The Netherlands Public Prosecution Service is responsible for investigating and prosecuting criminal offences
For a society to function efficiently and fairly laws are needed. People are not, for example, allowed to use violence, steal or damage property, and there are rules to ensure traffic safety. If someone fails to respect the law, someone else may lodge a complaint with the police. Or the police can arrest the offender. A suspect may also be arrested by a member of the public if they are caught in the act.
In the Netherlands, only judges and – in minor cases – the public prosecution service may impose punishment. Crucially, a person may be punished only if it has been established that he or she is in fact guilty of the offence in question. Doing this requires investigation and an independent judiciary.
After all, in our democracy governed by the rule of law, justice is a core value. Suspects, victims and society as a whole must have the confidence that they will be properly represented in criminal proceedings. The sentence must also be in proportion to the crime that was committed and provide justice for those affected by it.
The Public Prosecution Service is responsible for investigating and prosecuting criminal offences on behalf of society at large. Its work is aimed at ensuring that those who commit crimes are punished appropriately, that victims and next of kin feel that someone is on their side, and that the Dutch public are confident that the law of the Netherlands are applied fairly and correctly.
The Public Prosecution Service and the courts together make up the judiciary. The Public Prosecution Service is responsible for the enforcement of criminal law. It is the only institution that decides who has to appear before a criminal court and on what charge.
The Public Prosecution Service’s main tasks are:
supervising the police in the investigation of criminal offences
prosecuting criminal offences and bringing suspected offenders before the courts
dealing with criminal offences without involving the courts
The Public Prosecution Service concerns itself only with criminal law. It therefore has no involvement in civil matters such as rent disputes, labour issues or divorce proceedings.
With the arrest of four suspects on Tuesday March 13 in the Netherlands, the Dutch National Police and Prosecutor’s Office have put an end to the trade of the dark net drug dealers formerly known as Doug-heffernan. The suspects are three men (32 and 50 year-olds from Amsterdam and a 48 year-old from Werkendam) and a woman (a 36 year-old from Amsterdam). They will be brought before an investigative judge in Rotterdam today.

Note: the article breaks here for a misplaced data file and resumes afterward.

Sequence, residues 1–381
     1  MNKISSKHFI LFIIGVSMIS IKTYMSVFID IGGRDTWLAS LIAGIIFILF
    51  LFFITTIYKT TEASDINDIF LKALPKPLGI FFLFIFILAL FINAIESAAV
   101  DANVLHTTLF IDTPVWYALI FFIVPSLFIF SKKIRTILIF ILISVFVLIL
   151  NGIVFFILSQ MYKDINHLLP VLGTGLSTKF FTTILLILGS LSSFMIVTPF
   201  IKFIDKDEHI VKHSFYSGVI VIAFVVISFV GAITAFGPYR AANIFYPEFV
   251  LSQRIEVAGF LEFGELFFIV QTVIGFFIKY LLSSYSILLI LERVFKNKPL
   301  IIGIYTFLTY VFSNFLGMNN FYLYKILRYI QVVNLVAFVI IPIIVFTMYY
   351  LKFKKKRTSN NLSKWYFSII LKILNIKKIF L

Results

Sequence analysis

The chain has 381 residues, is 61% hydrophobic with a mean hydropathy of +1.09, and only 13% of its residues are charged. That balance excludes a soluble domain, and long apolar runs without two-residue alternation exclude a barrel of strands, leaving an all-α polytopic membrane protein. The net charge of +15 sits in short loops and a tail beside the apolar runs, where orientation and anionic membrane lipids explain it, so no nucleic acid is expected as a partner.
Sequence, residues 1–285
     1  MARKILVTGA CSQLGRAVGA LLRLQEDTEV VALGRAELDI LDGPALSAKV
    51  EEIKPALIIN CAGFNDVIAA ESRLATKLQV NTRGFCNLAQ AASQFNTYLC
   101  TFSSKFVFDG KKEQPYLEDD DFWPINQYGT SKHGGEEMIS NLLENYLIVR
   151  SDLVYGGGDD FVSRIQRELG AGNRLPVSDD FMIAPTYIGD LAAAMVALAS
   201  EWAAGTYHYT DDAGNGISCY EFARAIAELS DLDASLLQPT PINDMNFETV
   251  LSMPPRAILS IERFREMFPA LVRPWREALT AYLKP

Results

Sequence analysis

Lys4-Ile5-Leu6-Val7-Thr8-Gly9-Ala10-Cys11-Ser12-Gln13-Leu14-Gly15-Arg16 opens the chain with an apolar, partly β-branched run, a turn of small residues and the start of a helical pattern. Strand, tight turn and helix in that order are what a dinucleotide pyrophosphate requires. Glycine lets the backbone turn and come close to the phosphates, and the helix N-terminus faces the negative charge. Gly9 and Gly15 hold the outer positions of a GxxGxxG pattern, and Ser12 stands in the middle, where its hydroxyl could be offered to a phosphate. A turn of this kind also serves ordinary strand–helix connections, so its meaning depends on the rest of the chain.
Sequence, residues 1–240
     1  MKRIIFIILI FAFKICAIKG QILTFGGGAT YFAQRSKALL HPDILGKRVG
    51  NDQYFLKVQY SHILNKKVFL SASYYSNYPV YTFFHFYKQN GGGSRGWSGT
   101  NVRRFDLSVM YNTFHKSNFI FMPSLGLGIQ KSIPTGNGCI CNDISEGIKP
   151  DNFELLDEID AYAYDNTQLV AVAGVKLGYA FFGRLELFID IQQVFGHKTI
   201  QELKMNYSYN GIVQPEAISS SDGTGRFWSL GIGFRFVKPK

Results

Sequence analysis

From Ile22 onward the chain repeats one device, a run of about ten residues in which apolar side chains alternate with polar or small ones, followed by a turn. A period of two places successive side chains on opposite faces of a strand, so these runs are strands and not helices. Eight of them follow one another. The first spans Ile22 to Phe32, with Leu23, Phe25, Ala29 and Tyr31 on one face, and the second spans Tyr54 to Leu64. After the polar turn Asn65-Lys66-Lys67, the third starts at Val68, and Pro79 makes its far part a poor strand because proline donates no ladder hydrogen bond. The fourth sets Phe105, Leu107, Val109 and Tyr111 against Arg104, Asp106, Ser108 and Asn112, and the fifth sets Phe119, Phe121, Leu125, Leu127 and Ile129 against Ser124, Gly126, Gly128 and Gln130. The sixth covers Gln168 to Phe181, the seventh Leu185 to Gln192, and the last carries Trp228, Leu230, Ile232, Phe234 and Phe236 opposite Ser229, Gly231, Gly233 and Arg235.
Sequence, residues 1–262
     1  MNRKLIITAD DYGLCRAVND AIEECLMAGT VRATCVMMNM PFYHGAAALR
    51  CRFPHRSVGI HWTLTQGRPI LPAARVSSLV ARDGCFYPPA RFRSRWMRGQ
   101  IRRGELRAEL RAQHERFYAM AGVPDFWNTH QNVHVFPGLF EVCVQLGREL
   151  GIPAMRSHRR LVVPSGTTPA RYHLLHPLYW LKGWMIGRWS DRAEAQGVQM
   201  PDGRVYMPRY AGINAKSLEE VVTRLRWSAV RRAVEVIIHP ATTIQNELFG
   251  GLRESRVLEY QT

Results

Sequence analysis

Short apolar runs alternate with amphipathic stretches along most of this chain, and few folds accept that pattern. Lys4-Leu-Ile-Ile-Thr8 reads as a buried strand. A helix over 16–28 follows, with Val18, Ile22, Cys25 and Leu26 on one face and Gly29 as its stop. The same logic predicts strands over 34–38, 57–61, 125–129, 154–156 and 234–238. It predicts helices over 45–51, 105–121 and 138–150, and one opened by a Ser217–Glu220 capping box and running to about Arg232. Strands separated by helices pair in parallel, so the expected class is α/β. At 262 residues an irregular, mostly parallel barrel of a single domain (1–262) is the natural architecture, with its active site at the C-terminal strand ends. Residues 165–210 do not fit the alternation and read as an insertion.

The Dutch Public Prosecution Service (hereafter: DPPS) has concluded that it is not possible to bring a successful prosecution against the tobacco industry under the current legal and regulatory frameworks. For this reason, the DPPS will not continue to investigate the case. Smoking is deadly and the design of cigarettes does add to this but according to the DPPS, the tobacco manufacturers have not acted in violation of either the law or the current regulatory framework.
At the beginning of the appeal in the criminal case against Mr Geert Wilders about his remark regarding 'fewer Moroccans', the Dutch Public Prosecution Service (PPS) indicated that it does not completely agree with the verdict of the The Hague District Court of December 9th, 2016. Although the PPS believes that the Court of The Hague was right in convicting Mr Wilders for group insult and incitement to discrimination on 19 March 2014, it also find that the Court should not have acquitted Mr Wilders of two other charges.
According to the PPS, Mr Wilders' remark on 12 March 2014, made at the market in Loosduinen – namely that he represented people who vote for a city with, if possible, also fewer Moroccans – does indeed constitute group insult. According to the PPS, the 'fewer Moroccans' speech on 19 March 2014 in a cafe in The Hague does not only constitute group insult and incitement to discrimination but it also means that Mr Wilders incited to hatred against Moroccans. The PPS believes that Mr Wilders should not only be held guilty for his remarkt, but also be punished. The District Court, however, chose not to impose a sentence.
Moreover, the PPS believes that Mr Wilders deserved to be sentenced for his remarks. The Court, however, did not do so.